As talkative and social as I can be with a mind that can go a mile a minute, my hobbies encourage me to shut up for a while and to try to focus on what’s in front of me. This then is why I love reading and going to museums; they force you to try absorbing the object of interest and when this happens, you’re properly entertained and maybe even relaxed as you’re not thinking of anything else.
Visiting museums has definitely become an encouraging hobby and I can’t recommend it enough. While I’m really not an intellectual snob who doesn’t entertain herself in other ways – mostly binge watching because I’m a hermit – I keep trying to cultivate this hobby for the mere love of it as well as to learn of others and this world we live in. Of course, for what purpose does my brain need all that information for – an amateur (as much as I dislike that word for how it sounds, but not its meaning) who also doesn’t want to have a cluttered mind where a learned fact might pop up suddenly while I’m trying to write an essay? However, even if I never discuss what I’ve seen or read, I don’t want to keep a narrow mind.
This is why visiting museums and galleries has become quite entertaining, even if these spaces only allow walking around and “viewing” – boring to some, quite calming to my hectic mind since this rids my mind of everything else. Art connects me to the past; an object that has been made a century or more before is an incredible physical showcase of a deceased artist’s thoughts and ideas, their brushwork or molding that share their physical view with me or symbolizes what was going on a century ago inside someone’s mind that’s been preserved ever since. I’ve always loved history so I get overwhelmed in front of older works and still learn stories with almost a childlike interest. Whether these stories are pleasant, tragic, or horrid that certainly make me question the artists behind the works, they’re worth knowing to me like any story with a moral.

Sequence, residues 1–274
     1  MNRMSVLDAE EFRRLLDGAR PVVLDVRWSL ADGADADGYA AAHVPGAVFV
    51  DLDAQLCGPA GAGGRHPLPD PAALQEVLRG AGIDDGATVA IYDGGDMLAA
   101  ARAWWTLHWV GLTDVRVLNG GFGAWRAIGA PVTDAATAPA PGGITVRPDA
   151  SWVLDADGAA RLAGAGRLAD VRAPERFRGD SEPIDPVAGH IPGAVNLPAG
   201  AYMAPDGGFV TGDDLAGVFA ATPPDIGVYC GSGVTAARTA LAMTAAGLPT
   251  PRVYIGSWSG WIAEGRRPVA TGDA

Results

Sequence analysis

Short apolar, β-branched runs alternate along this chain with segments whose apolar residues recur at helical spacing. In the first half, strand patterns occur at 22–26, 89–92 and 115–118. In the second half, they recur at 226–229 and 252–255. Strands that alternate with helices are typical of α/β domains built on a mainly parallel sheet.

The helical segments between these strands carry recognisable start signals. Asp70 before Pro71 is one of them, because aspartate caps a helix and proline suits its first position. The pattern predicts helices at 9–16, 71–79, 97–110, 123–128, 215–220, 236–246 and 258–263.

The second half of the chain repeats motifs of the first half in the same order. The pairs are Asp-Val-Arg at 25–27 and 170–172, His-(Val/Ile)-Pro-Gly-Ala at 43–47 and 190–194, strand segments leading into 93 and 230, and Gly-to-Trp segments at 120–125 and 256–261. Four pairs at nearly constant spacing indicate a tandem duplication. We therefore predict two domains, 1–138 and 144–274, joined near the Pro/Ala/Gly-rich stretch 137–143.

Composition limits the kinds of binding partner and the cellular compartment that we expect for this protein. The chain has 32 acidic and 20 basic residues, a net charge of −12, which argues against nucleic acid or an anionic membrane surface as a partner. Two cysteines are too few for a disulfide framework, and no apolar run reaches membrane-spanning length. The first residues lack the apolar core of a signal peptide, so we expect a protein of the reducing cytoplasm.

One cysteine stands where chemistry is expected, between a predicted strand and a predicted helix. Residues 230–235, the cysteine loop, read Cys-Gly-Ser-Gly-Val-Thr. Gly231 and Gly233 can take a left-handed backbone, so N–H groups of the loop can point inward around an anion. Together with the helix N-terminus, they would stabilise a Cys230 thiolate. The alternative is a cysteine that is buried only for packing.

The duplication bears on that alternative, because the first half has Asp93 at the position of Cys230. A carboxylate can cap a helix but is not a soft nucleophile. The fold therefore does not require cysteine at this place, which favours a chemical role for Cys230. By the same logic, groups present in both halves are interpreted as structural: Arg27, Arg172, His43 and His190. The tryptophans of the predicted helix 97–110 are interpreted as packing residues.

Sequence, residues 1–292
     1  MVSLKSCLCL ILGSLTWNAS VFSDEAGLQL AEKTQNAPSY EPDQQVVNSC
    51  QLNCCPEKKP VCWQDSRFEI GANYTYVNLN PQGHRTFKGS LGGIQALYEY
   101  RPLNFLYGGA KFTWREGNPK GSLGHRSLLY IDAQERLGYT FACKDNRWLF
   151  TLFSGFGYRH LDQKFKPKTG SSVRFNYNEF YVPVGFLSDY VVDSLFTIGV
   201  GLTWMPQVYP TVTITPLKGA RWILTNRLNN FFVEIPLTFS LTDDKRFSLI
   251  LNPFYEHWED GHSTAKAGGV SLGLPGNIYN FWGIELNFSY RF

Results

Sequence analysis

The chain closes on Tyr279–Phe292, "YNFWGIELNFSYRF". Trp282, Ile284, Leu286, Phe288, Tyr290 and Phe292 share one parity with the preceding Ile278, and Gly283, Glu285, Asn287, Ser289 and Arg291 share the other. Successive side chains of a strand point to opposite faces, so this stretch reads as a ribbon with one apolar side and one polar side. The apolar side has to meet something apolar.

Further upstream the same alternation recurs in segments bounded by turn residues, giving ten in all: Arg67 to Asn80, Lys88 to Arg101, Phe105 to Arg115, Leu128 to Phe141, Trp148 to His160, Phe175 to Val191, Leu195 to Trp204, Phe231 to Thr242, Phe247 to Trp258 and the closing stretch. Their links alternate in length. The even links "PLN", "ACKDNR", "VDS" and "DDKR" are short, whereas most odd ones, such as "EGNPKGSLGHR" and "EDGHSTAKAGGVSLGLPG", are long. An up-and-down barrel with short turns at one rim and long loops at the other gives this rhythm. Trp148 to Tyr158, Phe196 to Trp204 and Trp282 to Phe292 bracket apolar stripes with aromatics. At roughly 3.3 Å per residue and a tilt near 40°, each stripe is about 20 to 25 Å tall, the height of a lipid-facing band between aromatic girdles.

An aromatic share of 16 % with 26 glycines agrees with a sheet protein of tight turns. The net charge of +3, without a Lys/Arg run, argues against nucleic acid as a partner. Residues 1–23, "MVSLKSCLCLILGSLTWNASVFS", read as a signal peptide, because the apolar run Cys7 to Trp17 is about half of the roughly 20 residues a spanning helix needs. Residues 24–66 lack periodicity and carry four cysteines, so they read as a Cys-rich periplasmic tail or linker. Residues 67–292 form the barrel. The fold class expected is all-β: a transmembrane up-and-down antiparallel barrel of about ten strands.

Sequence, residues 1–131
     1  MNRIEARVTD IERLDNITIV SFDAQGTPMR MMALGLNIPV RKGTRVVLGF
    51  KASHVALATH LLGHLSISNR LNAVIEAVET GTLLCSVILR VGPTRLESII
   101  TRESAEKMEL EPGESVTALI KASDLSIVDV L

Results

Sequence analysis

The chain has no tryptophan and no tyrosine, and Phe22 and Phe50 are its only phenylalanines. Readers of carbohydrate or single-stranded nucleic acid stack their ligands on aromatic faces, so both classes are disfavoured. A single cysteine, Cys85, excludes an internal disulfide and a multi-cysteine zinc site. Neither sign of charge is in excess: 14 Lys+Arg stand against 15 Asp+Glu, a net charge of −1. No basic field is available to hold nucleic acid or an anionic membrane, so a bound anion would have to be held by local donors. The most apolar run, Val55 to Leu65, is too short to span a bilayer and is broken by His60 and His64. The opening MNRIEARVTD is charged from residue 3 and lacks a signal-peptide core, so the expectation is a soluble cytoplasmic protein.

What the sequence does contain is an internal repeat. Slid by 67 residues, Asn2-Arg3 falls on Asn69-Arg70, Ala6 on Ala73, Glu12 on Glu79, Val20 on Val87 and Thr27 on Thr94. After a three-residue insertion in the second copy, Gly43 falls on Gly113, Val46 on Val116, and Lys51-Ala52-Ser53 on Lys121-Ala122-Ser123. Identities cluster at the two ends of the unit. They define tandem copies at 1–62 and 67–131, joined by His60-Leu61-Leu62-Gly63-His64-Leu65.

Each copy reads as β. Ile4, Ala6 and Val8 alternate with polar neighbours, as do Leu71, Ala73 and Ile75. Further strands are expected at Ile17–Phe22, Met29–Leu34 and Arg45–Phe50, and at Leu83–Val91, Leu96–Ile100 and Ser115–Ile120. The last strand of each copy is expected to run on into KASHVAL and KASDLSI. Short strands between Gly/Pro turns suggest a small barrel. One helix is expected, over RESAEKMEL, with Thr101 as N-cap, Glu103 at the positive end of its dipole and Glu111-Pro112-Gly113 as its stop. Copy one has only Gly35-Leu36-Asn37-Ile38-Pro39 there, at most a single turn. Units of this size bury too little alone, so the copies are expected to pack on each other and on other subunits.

Art connects me to the present with the art of photography and with the art of experimentation. Photographs can surely be more dynamic than paintings, whether from the mid to late twentieth century or from the twenty-first, since photography always starts with the very real that can turn into something delightful or bizarre (the person’s view or their model), even if a photo is later experimented with by layers and details. But it’s a powerful practice because of its basis which is an electric device that can be carried anywhere and can snap a shot of anything at any time—something that evidently, we can all do but some do it with a great eye to their environment and subject. Art that is experimental, to tell the truth, always makes me most uncomfortable; it either says nothing or everything and anything, yet I continue to sometimes see contemporary art because, obviously, the human mind is fascinating and leaves me puzzled. The question, then, that’s raised and keeps me interested is: what is the modern creative human mind thinking and capable of? It’s positively not just painting and photos anymore; it can be anything from a mundane object to sound to movement. But I’ll keep learning this as I’ll keep learning about art history.
Engaging with artworks, then, becomes quite entertaining because to me it has the same effect as reading a book or watching a tv-series (or a movie): it mesmerizes, perplexes, stuns, annoys, and saddens me. (I could probably add more emotions, but I don’t have a dictionary. Can you think of another emotion? Have you ever been angered by a work?) And while this appears contradictory to what I wrote earlier – that a gallery space can be “calming to my hectic mind” – I do mean that my mind gets a break from worries and stresses which creates that calm that enables you to enjoy your hobby. It can be awfully hard sometimes to focus on something outside of work and studies. A gallery space helps since I’m physically there and am immediately compelled to view and contemplate what’s in front of me. Otherwise, I’m just standing in a space with framed objects and three-dimensional figures.